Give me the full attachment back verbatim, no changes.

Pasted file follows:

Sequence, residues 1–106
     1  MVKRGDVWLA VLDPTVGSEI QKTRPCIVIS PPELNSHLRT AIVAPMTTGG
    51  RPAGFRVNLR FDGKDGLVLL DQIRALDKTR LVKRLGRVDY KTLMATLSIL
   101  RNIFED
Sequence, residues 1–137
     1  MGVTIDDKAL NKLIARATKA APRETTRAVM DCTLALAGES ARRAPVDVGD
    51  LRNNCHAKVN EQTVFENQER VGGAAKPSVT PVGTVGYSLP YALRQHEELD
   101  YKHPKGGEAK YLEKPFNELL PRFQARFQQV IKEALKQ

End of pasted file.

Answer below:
Sequence, residues 1–106
     1  MVKRGDVWLA VLDPTVGSEI QKTRPCIVIS PPELNSHLRT AIVAPMTTGG
    51  RPAGFRVNLR FDGKDGLVLL DQIRALDKTR LVKRLGRVDY KTLMATLSIL
   101  RNIFED
Sequence, residues 1–137
     1  MGVTIDDKAL NKLIARATKA APRETTRAVM DCTLALAGES ARRAPVDVGD
    51  LRNNCHAKVN EQTVFENQER VGGAAKPSVT PVGTVGYSLP YALRQHEELD
   101  YKHPKGGEAK YLEKPFNELL PRFQARFQQV IKEALKQ